This makes a large white patch on the rear half of 



the wing, narrowing toward the tip. The nasal 
plumes and anterior edge of lores are white. The 
crest is red in the male, black in the femede. The 
iris is pale, clear lemon-yellow. Tarsi and toes are 
light gray. The bill is large and ivory-white (Ridg- 
way 1914, Tanner 1942). The best field identific- 
ation character is the large white patch on the 
wing, conspicuous when the bird is perched. Call 
notes are a nasal "kent, kent" (Tanner 1942). 

Measurements.- Adult male (15): wing, 240- 
263 (255.8 mm); tail, 147-160.5 (154.4); culmen, 
63-72.5 (68.2); tarsus, 42.5-46 (44.2); outer an-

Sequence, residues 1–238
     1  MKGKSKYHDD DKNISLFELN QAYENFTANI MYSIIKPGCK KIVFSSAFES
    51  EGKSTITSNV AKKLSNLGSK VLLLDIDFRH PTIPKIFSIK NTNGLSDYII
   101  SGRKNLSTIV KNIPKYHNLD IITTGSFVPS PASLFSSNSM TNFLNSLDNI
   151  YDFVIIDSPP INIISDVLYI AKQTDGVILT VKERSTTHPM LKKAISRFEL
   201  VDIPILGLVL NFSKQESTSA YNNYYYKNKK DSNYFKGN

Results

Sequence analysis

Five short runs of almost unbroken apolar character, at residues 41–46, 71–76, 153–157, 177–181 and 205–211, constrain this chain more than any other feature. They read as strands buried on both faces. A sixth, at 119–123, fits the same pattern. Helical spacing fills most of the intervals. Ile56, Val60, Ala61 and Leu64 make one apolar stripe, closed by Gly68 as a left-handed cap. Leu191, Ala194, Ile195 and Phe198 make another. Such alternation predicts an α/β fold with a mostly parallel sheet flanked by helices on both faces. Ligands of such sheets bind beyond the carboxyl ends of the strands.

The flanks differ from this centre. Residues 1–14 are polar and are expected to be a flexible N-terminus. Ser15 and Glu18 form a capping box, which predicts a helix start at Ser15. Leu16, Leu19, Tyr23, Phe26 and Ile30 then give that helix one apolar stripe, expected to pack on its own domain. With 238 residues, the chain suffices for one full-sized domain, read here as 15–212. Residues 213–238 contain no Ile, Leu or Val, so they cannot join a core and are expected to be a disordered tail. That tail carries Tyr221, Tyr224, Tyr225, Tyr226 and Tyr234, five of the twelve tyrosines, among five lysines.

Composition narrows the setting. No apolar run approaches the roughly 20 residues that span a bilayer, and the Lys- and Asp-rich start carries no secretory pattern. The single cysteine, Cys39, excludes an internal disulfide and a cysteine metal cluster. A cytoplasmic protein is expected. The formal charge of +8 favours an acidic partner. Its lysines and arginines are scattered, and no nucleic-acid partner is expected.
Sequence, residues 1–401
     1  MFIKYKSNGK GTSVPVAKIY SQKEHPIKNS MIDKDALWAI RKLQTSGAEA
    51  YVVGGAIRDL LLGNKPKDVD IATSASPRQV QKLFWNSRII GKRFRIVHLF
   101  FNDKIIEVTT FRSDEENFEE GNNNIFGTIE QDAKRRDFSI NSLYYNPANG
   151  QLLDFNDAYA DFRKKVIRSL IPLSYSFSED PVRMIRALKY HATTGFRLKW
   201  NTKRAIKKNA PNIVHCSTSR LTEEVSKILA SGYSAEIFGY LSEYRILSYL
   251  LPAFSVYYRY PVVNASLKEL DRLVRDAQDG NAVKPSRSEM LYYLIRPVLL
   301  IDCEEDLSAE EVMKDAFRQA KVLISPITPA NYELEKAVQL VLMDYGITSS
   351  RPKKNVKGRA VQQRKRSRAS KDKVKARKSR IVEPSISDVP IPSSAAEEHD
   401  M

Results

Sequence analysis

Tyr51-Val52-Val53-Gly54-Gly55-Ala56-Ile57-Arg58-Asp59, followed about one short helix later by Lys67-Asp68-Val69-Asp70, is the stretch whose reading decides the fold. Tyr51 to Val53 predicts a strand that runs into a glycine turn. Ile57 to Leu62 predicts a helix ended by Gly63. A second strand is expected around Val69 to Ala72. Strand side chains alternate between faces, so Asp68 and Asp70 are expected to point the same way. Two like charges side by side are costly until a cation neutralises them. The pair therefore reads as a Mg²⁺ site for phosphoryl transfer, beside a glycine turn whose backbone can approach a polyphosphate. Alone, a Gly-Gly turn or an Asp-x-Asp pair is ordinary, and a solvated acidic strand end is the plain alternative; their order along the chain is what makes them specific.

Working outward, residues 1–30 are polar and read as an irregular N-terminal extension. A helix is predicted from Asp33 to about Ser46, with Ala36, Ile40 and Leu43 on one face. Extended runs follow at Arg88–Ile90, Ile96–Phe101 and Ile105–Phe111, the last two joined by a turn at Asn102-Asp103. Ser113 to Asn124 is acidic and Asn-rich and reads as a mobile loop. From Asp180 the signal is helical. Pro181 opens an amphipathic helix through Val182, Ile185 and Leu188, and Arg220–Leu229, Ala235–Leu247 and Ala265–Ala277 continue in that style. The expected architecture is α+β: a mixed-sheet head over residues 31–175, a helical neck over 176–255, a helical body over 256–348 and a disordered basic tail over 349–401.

terior toe, 30-34 (32.1). Aduh female (11): wing, 
240-262 (256.4 mm); tail, 151-166 (159.5); cul- 
men, 61-67.5 (64.3); tarsus, 40.5-44 (42.6); outer 
anterior toe, 30-33.5 (31.7) (Ridgway 1914). 

The eggs are pure china-white, exceedingly 
glossy, and more pointed than most woodpeckers. 
Measurements (13 eggs) 34.5 x 23.6 to 36.8 x 
26.9 (av. 34.8 x 25.2 mm) (Bendire 1895). 

C. p. bairdii is similar to C. p. principalis but 
slightly smaller; the bill is decidedly smaller; nasal 
tufts much smaller; and white stripe on side of 
head continues nearly to the base of the bill. 

Measurements.- Adult male (2): wing, 236- 
250 (243 mm); tail, 137-154 (145.2); culmen, 
59-61 (60); tarsus, 40-42 (41); outer anterior toe, 
30.5-31.5 (31). Adult female (2): wing, 240-255 
(247.5 mm); tail, 159.5-165.5 (162.5); culmen, 
58-60 (59); tarsus, 41; outer anterior toe, 30.5- 
31.5 (31) (Ridgway 1914). 

RANGE 

C. p. principalis formerly was a resident in the 
bottomlands and swampy forests of southeastern 
United States from northeastern Texas, south-